WEST TOWN — Partners Zoe Schor and Whitney LaMora weren’t sure how the pandemic would affect their careers.
Schor, chef and owner of Split-Rail in West Town, was forced to close her restaurant and pivot from upscale dine-in to carryout boxes. LaMora, founder of The Martin in Humboldt Park, had to close her private event and art gallery business completely.
Then Schor had an idea: What if The Martin moved into Split-Rail, and the two businesses reopened together?
With an entirely reconfigured interior design and structure, Split-Rail and The Martin opened last week at 2500 W. Chicago Ave. LaMora did not renew The Martin’s lease at 2515 W. North Ave. in Humboldt Park.
In preparation for the merger, Schor cut Split-Rail’s dining room size in half to make room for the event venue and art gallery, where paintings and three-dimensional art installations adorn white walls.
The solution was not just practical, Schor said. Combining a neighborhood eatery with an arts space reflects the community-focused vision she had in 2017, when she and Michelle Szot — a fellow Ada Street alumna and Split-Rail general manager and beverage director — opened the restaurant.
“To me, I’m looking at the ultimate passion project,” Schor said. “From the moment I met Whitney, I knew I wanted to partner with her. … We’re totally motivated by each other, always. … When I walk into this space, it feels right.”
LaMora agreed; she created The Martin while working at Split-Rail because she wanted an artist-driven and inclusive space for neighbors. And it makes sense for people to have the option to grab dinner and a drink before seeing a show, she said.
Knowing her dream could continue to flourish in tandem with Split-Rail just felt right, LaMora said.
“Hopefully it’s an opportunity to extend what Zoe and Michelle have done so well in the last four years,” she said. “We live in a city with a million restaurants … . This opportunity is thrilling. … It’s a space to be free and creative.”
Neighbors will notice changes to Split-Rail’s menu.
While staples such as fried chicken remain, Schor said she had to significantly scale back the menu in light of rising food costs and an ever-convoluted supply chain. But she’s also adding inventive and more upscale items that are difficult to cook, she said. For example, she’s eager to serve a crab gravy with crispy Carolina gold rice.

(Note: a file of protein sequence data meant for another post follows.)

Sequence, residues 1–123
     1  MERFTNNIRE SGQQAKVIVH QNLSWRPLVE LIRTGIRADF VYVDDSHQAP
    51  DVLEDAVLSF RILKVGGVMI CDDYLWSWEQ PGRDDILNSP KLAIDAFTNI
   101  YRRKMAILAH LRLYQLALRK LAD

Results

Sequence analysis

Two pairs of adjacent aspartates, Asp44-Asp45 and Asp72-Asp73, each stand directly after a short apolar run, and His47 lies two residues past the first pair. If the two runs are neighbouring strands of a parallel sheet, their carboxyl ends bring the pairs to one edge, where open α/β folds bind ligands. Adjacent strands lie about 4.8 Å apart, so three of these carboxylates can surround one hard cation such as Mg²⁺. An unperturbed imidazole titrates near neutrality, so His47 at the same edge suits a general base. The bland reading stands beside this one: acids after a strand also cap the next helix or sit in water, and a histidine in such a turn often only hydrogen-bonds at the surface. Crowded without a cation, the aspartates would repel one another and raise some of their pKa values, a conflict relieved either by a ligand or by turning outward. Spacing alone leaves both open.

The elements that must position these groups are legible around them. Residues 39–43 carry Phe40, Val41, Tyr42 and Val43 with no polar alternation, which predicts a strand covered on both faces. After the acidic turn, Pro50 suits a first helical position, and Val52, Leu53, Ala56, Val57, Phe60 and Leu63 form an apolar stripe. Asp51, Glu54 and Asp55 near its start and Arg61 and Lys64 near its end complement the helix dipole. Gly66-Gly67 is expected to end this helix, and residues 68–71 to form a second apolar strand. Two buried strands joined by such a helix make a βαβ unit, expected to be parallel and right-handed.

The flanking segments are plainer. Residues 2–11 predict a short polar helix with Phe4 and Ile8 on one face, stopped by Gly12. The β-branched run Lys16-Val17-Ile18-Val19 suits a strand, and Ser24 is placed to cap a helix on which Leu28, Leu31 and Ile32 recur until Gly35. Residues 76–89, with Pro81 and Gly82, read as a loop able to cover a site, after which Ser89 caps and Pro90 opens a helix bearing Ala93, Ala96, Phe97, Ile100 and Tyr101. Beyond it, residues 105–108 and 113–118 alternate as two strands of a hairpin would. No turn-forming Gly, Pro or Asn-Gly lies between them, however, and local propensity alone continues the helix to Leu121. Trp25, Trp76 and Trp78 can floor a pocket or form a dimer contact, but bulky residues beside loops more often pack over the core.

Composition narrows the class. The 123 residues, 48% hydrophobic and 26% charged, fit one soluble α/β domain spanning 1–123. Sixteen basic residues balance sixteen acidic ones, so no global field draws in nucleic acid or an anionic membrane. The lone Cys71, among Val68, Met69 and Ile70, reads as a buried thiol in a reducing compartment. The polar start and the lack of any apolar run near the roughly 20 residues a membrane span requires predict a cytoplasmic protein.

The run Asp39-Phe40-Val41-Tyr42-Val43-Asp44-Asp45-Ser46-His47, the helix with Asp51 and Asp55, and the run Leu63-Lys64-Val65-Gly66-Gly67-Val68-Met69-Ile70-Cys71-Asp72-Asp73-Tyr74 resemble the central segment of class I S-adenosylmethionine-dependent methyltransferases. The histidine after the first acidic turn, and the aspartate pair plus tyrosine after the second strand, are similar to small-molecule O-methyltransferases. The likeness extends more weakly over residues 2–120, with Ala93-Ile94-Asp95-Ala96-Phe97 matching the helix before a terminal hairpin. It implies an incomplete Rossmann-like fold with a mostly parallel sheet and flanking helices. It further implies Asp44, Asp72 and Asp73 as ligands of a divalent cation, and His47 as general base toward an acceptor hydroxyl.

“Nothing too fussy,” she said. “I’m hopeful that’s what people want, something they couldn’t cook at home. … We’re neighborhood people.”
Split-Rail’s guests will also notice a change when they pay their bills: no tipping. A 20 percent charge will be added to every guest’s bill, and tips will be shared across the staff.
Guests can leave cash for their personal server or bartender, but no credit card tips will be accepted.
The move is revolutionary for an industry which has historically relied on tips. But for better or for worse, tipping leaves servers at the mercy of the customer’s pocket. Taking away the tip gives more agency to the worker, Schor said.
“It’s not for everyone,” Schor said. “It’s about finding equity in back and front of house. The status quo is designed to hold people back. … The power has shifted.”
While a nationwide labor shortage is holding back many restaurants from reopening, this hasn’t been an issue so far for Split-Rail, where Schor and Szot said they’ve been able to offer competitive wages and benefits, such as paid time off and health insurance.
Schor also questioned how much the labor shortage had to do with money. While unemployment checks may be keeping some potential workers home, the industry has long struggled with a transient work force and heavy turnover.
Plus, Schor said, she knows of quite a few industry professionals who are choosing not to return to work because they now have full-time jobs based on passions they pursued during the pandemic.
Split-Rail has another change: The restaurant created a reparations program in which Schor and Szot donate 1 percent of their overall sales to organizations focused on lifting up people of color. June sales will go to Neighborhood Housing Services.
Additionally, Szot is serving only wines from vineyards owned by women or people of color.
“There’s lots of dedication to making sure we’re spending our money in the right pockets,” Szot said.
LaMora said she looks forward to saying hello to old neighbors, friends and regulars she hasn’t seen in over a year.
“The neighborhood spots need to hold on,” she said. “I’m really just cherishing every moment I get to stand with someone and have a conversation that is not about this great illness that is plaguing the world.”
Split-Rail’s downstairs bar, Dorothy, will not immediately reopen.
Subscribe to Block Club Chicago, an independent, 501(c)(3), journalist-run newsroom. Every dime we make funds reporting from Chicago’s neighborhoods.
Listen to “It’s All Good: A Block Club Chicago Podcast” here: